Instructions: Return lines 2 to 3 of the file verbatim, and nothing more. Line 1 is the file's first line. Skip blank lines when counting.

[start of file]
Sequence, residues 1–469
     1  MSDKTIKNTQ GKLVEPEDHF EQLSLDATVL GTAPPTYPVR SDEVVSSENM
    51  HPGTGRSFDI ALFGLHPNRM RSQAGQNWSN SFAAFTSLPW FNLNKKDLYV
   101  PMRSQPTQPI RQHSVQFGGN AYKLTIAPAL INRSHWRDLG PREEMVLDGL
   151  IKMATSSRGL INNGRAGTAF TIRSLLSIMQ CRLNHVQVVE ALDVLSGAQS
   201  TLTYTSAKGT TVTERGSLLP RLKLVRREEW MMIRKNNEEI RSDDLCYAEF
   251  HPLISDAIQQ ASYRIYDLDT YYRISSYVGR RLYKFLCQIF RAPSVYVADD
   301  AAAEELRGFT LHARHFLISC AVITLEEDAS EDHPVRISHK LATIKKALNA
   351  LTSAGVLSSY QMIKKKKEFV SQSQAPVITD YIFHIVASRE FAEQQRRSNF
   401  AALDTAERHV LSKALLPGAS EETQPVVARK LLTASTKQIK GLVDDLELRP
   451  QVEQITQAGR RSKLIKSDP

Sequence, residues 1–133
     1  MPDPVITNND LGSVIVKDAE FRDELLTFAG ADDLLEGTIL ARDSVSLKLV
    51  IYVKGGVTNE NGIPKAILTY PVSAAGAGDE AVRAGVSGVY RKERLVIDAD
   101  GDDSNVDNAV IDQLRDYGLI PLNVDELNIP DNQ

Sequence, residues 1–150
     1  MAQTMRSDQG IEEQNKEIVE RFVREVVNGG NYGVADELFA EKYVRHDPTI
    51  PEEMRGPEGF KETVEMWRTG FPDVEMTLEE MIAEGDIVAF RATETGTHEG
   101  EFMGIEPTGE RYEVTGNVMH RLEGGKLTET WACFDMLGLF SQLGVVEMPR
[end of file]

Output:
     1  MSDKTIKNTQ GKLVEPEDHF EQLSLDATVL GTAPPTYPVR SDEVVSSENM
    51  HPGTGRSFDI ALFGLHPNRM RSQAGQNWSN SFAAFTSLPW FNLNKKDLYV